Today I have been looking at Layer 1 and layer 2 devices.
Layer 1 Devices
There are not really any Layer one devices. Layer one really defines the physical interconnect between boxes; the actual cables, wires and fibers that form the connections of the network.
Layer 2 Devices
I remember the days of 10Base Ethernet hubs, where every packet was broadcast on single broadcast domain. These hubs are dumb devices and can waste considerable bandwidth by passing all broadcast and other data, and causing collisions preventing other stations from transmitting data.
Ethernet runs a protocol called Carrier Sense Multiple Access with Collision Detection or CSMA/CD for short – not to be confused with the token ring system CSMA/CA which uses a collision avoidance system by means of a token passed from one host to another. If you like the TV show, Breaking Bad, its a system much like the talking pillow.
So, CSMA/CD however doesn’t do that. All it does is detect collisions on the shared line. Once a collision is detected, both hosts back off the bus, based on a random timer. If at the end of the time period, the bus is free, transmission will continue. Obviously there are issues with this in that this system is inefficient, and slow, wastes bandwidth, and on a busy bus, can cause tremendous congestion.
Moving from hubs, to switches alleviates this problem. With a hub, because every host is sharing bandwidth, they all sit in the same collision domain. Moving to switches, where each interface of the switch is managed, each switch interface becomes its own collision domain (Micro segmentation). So for instance, a 24 port switch now has 24 collision domains, where as a 24 port hub has one. A bridge will segment a collision domain, although it will not segment a broadcast domain.
This is another term to get familiar with; the broadcast domain defines the spread of broadcast packets. On a single hub, the broadcast domain was the entire hub and on a hub based network, the borders of the broadcast domain are delineated by routers and hosts. With switches, the entire switch is a broadcast domain, just like a hub, until you start using VLANs.
The Mac Address Table
Switches use the MAC address to intelligently route frames rather than broadcast them across all ports. This is achieved by using a MAC address table. The MAC address table has a number of different names that you might see:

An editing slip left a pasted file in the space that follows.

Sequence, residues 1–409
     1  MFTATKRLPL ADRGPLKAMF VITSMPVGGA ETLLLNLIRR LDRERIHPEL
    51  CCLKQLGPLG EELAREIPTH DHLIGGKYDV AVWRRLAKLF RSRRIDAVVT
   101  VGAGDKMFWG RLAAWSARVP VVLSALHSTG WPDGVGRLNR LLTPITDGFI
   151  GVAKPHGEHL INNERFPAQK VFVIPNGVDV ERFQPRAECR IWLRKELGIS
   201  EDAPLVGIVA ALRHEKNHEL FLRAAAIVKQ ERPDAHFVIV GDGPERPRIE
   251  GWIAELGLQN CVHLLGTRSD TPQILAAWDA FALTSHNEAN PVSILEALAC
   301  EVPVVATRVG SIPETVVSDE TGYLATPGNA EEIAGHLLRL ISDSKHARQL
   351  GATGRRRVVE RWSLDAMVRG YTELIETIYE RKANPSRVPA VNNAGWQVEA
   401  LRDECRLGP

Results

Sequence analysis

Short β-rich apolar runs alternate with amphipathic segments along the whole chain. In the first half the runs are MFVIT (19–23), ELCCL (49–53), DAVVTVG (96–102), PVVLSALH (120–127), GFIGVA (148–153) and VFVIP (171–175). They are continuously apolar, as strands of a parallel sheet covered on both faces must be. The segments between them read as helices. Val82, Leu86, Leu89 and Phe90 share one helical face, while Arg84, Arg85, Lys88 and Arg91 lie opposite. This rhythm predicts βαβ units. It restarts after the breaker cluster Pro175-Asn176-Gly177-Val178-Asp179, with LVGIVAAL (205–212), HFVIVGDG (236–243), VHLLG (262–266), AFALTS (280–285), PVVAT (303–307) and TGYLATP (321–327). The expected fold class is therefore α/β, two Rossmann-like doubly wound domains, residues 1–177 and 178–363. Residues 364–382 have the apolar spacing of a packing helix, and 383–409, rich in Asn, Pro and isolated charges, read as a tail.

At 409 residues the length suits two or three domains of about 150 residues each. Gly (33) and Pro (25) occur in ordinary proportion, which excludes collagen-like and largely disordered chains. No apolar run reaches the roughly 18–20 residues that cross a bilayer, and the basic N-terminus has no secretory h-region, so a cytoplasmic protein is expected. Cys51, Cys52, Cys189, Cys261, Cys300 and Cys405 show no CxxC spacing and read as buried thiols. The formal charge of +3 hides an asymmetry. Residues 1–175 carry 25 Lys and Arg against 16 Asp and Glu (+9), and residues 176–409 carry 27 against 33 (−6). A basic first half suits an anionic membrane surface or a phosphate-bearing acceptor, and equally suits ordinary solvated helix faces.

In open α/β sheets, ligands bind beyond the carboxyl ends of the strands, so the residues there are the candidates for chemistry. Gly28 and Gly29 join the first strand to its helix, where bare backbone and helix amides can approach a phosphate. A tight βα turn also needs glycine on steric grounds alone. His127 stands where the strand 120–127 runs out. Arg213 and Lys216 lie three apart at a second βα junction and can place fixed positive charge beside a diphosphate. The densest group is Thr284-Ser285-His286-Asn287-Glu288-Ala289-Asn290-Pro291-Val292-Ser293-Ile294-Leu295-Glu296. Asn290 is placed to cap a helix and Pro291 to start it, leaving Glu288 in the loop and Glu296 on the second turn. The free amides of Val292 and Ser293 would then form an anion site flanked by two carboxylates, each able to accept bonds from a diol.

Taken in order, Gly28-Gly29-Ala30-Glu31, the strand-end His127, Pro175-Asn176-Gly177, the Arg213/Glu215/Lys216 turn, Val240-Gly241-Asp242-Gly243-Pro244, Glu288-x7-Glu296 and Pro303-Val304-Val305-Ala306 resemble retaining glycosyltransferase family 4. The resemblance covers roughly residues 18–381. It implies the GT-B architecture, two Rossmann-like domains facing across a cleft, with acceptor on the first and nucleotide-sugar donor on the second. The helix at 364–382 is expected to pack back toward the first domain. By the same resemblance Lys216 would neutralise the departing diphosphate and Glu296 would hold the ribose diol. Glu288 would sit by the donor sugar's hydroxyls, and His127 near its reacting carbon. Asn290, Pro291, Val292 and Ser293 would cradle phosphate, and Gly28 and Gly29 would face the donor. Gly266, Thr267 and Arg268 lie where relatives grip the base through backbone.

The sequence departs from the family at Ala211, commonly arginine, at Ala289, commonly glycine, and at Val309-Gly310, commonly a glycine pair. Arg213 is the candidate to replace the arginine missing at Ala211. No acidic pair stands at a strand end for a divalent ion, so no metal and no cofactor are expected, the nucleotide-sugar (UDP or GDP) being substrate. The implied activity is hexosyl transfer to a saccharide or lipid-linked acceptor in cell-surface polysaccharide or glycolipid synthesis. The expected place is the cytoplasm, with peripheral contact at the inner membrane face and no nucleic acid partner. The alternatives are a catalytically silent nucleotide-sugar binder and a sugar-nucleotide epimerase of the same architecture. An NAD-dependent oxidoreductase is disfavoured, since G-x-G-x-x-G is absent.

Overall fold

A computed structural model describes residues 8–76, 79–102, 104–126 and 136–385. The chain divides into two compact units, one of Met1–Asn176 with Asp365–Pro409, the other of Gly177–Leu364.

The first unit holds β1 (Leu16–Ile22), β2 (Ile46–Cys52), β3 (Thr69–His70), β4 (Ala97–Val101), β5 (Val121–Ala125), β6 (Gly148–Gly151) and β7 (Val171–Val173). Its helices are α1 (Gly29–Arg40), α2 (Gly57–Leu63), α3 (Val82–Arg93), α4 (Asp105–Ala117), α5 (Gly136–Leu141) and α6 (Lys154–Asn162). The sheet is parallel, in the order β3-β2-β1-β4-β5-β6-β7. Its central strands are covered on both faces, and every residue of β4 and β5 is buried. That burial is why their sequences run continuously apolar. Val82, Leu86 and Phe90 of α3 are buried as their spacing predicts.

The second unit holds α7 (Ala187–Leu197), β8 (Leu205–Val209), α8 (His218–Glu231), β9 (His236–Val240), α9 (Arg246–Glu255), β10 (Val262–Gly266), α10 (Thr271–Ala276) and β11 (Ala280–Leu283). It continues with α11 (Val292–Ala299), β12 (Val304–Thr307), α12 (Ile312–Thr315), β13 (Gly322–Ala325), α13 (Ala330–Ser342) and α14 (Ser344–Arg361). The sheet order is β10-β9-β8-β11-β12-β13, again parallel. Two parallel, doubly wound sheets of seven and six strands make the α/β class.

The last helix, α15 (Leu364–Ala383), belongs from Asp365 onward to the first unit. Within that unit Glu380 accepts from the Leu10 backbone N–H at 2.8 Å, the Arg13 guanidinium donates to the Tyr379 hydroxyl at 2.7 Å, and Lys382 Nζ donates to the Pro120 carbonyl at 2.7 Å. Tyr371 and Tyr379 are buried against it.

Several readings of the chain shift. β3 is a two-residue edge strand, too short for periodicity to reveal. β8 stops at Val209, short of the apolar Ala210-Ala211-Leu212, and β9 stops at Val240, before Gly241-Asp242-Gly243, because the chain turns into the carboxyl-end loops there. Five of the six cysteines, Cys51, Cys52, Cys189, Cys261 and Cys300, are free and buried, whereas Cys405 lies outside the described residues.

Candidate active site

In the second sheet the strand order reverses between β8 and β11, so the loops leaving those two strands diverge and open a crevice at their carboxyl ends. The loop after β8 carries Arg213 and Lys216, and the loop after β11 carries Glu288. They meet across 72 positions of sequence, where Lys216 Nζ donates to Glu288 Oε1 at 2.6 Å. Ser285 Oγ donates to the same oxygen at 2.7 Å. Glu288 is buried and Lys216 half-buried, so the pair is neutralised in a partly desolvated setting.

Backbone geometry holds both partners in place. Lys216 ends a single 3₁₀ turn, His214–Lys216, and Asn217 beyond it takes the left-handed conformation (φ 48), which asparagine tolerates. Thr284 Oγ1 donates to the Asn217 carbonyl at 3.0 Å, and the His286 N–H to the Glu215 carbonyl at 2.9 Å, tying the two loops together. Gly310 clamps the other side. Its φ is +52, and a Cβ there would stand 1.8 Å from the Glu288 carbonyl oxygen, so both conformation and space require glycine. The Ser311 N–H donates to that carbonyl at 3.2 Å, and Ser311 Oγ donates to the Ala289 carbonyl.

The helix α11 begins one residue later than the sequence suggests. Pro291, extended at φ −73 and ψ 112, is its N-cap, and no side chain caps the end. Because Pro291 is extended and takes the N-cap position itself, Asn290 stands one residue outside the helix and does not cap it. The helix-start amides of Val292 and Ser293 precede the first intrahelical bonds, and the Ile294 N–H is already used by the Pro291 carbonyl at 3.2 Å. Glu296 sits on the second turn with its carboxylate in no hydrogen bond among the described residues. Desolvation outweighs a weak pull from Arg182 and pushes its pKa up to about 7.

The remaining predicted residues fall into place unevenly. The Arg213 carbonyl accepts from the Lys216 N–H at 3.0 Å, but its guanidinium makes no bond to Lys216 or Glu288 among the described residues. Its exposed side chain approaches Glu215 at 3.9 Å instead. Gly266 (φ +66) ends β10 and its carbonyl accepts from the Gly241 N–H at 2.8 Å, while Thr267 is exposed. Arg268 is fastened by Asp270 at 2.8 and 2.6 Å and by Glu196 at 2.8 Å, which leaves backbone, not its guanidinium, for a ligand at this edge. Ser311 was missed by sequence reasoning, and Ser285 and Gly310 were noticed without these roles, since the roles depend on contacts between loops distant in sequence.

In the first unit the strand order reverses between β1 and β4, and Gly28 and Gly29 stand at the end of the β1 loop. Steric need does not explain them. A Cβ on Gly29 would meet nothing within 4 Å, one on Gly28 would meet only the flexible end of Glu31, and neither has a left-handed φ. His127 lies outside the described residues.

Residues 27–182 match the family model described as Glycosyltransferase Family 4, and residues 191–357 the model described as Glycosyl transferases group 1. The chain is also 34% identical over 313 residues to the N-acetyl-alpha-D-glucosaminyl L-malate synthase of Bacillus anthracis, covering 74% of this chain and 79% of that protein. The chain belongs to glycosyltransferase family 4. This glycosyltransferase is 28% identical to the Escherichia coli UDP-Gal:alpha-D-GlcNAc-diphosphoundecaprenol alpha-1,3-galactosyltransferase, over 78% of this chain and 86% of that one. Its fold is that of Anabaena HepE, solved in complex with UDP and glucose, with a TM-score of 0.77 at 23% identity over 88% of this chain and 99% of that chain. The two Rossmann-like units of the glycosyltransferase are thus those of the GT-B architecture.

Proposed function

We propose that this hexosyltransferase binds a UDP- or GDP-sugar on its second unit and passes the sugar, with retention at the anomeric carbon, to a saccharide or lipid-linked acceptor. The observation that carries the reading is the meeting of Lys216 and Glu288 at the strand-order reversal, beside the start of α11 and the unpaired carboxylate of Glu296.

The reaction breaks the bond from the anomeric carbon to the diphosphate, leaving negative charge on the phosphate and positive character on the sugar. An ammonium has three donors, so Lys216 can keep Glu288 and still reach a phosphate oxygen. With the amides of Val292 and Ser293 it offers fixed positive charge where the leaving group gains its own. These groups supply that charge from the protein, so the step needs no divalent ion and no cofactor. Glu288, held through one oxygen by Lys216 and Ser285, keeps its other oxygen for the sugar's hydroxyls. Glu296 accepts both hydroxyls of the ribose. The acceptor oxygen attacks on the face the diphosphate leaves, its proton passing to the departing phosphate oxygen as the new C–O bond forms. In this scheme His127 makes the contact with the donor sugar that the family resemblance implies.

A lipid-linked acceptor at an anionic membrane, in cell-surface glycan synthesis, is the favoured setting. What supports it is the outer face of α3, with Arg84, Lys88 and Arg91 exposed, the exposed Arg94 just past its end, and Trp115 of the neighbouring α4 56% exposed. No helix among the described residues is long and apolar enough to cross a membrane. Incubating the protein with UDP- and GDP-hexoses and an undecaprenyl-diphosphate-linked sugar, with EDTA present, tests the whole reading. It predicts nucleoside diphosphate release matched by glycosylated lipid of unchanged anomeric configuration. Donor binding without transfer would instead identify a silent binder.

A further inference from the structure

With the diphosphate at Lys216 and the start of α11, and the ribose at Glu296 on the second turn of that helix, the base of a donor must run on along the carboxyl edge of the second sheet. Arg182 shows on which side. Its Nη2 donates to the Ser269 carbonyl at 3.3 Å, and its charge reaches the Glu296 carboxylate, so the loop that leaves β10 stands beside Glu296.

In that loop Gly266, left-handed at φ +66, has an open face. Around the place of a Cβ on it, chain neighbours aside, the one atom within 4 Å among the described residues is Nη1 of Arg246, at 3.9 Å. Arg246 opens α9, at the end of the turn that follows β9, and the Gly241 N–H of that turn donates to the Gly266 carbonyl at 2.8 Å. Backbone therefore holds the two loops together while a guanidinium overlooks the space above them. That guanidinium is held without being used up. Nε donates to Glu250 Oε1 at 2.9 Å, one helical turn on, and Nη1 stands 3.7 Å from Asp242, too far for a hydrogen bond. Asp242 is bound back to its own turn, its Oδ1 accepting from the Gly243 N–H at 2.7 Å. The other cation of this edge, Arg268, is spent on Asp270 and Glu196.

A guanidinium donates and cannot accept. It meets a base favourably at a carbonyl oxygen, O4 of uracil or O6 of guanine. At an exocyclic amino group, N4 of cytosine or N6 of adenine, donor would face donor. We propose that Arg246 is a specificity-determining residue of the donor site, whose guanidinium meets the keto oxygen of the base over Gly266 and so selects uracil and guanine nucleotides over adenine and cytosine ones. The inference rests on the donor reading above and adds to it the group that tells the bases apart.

- MAC table
When a frame enters the switch, the SOURCE MAC address is checked, and if it is not in the MAC address table, it is added.
Be aware that entries in the table will age out after 300 seconds. This is configurable.
The destination MAC address is then checked against the MAC address list and if it is present, the frame is sent on its way (Forwarded). If it is not present, the frame is FLOODED to every port, looking for the destination device. Once that device replies, the MAC address table is updated and a route established. If however there is no destination address response OR the destination is on the same port as the source (a hub feeding a switch for instance), the frame is FILTERED or dropped.
- Flooding – unknown unicast frame, sent out on all ports (except the input port)
- Forwarding – sent to a single known port
- Filtering – dropped
The MAC address table ages over time and that time can be set, but is default to 300 seconds.
Broadcast frames are sent out on MAC address: ff.ff.ff.ff.ff.ff.ff.ff’ and are itnended for ALL recipients. Remember the unicast is sent to all but is looking for one recipient.
To limit the scope of this broadcast, you can use virtual LANs (VLANs)
How is the frame processed?
- Store and forward – default on newer systems.
- Cut through
- Fragment free
Store and Forward – stores the frame (while checking MAC table). Last few bites are the FCS (Frame Check Sequence) and this is checked against the frame payload. If the check passes, the frame can be forwarded. This method adds latency and memory/cpu overhead.
Cut Through – forwards the frame as it comes in but does not check the FCS. Very fast but no error detection.
Fragment Free – Works on the principle that if there is damage to the frame it will be evident in the first 64 bytes so this is the only data that is checked. If this is ok, the frame is forwarded. FCS is not checked.
Other things to remember
Bandwidth – the bandwidth of a hub is shared. The bandwidth of a switch is on a per port basis meaning that a fast Ethernet port in full duplex mode, can transfer data at 200Mb/s. That is 100Mb/s in each direction at the same time.